As you might expect, a fully engineered HVAC system costs more upfront. Long term though, a well-designed system will be cheaper to operate and perform significantly better than a slam-and-go system. Pay a little more upfront to get years of benefits or choose the lowest cost option. Consumers usually don’t understand the impacts of this choice though. From the contractor’s perspective, if your business model depends on your proposal being as cheap as possible, you will do everything you can to avoid a comprehensive approach.
Some contractors have an issue with heat pumps because heat pumps are not as forgiving as gas furnaces. It takes more effort to install a heat pump properly, as they don’t have loads of extra capacity. I believe this is another big reason why contractors and talk consumers out of heat pumps. Poor installations will lead to callbacks for the contractor, which has nothing to do with the technology. Contractor pushback on installing heat pump HVAC systems should be a red flag for consumers.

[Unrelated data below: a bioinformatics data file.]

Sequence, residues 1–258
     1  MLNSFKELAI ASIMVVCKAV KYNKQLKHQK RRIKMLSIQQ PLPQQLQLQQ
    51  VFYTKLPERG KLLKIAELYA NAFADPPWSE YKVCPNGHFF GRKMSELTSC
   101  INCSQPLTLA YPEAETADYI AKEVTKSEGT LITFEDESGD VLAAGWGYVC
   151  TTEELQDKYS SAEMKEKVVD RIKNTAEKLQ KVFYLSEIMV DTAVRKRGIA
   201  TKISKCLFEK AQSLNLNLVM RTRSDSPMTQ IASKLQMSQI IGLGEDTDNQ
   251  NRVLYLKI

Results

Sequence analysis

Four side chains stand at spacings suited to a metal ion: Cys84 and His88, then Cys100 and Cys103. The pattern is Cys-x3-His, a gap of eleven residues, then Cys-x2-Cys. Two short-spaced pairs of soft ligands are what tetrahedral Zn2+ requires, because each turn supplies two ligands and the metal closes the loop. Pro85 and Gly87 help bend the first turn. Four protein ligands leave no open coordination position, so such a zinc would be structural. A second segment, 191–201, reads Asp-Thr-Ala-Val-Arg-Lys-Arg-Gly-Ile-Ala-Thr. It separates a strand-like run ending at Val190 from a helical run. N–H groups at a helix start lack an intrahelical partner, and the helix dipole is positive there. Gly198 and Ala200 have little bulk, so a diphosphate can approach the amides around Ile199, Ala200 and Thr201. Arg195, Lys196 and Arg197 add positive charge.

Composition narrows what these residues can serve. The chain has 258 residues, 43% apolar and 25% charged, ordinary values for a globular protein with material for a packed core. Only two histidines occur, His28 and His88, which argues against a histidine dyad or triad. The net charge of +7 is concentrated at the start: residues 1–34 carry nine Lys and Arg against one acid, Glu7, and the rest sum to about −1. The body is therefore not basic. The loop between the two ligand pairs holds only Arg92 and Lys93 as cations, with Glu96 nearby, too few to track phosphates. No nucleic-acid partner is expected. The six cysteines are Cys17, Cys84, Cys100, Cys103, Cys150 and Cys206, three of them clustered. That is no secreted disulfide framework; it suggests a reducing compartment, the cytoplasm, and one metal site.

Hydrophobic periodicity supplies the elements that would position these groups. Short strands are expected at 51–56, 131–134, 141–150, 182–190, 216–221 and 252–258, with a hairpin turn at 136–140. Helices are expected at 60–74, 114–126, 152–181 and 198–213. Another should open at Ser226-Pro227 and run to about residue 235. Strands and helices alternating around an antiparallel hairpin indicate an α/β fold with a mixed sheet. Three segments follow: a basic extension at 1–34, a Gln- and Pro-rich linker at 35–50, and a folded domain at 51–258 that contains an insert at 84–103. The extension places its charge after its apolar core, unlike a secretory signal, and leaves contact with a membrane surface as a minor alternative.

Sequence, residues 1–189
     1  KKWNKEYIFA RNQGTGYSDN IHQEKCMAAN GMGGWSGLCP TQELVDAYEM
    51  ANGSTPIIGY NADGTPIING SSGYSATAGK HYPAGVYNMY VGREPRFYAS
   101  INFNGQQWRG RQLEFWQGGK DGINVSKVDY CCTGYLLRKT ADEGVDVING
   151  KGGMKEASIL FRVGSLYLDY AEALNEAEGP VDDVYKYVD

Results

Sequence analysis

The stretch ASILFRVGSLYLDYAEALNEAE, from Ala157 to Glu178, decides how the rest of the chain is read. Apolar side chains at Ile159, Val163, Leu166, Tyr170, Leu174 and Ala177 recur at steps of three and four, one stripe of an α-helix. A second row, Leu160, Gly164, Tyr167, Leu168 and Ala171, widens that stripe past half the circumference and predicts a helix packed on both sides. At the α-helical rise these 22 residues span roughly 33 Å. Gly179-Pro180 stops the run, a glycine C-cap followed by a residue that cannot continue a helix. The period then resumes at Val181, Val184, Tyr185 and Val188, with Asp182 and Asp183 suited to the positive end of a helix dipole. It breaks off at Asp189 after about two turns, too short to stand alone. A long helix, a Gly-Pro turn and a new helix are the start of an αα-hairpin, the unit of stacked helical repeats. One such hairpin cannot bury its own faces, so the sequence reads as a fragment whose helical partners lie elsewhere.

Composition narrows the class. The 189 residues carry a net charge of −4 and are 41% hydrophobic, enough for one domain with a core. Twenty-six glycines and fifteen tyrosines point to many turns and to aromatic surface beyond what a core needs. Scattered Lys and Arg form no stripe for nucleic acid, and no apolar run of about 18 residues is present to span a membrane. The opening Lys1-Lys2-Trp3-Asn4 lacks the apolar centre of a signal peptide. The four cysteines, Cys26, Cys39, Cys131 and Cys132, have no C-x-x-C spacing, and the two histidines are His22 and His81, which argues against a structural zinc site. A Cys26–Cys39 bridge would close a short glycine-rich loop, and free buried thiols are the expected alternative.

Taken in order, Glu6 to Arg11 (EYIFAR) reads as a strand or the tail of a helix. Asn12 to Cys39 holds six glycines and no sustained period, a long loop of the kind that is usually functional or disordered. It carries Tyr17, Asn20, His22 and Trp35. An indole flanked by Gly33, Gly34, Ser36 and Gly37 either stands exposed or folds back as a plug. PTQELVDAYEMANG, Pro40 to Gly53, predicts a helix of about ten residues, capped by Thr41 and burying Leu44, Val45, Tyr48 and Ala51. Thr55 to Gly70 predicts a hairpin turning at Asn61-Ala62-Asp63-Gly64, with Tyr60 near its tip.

If you are working with a high-quality contractor, the heat source is not that big of a deal. The contractor should design the system first, based on heating and cooling loads. Next, they engineer the duct system to match. At that point, the choice of fuel, gas or electricity is not that important as far as performance is concerned. The advantage of properly sized electric heat pumps is that they improve comfort, are safer, more efficient, and don’t directly contribute to greenhouse gas emissions.
Heat pumps are perfect for California, but sizing matters. A correctly sized heat pump HVAC system has minimal excess capacity, and that’s a good thing. Heat pumps come in a much wider range of sizes than gas furnaces. A good analogy is a small fuel-efficient car. A small car has a small engine. There is no extra capacity, and it takes a while to get up to speed on the freeway. Once it does, it gets excellent gas mileage. Stuff a large V-8 engine in that same small car, and it gets up to speed very quickly, but it drains your wallet with poor gas mileage. California furnaces are like the V-8 engine in most cases. We need smaller, high-performance solutions that use only as much energy as they need.
It’s time to bring HVAC contractors out the dark ages and encourage them to make heat pumps the go-to standard. Many contractors are already doing this, and they are having success. Now we just need to bring the rest of the industry along.
Here are some suggestions to help move the needle to make heat pumps the de facto standard.
1. Enforce existing HVAC regulations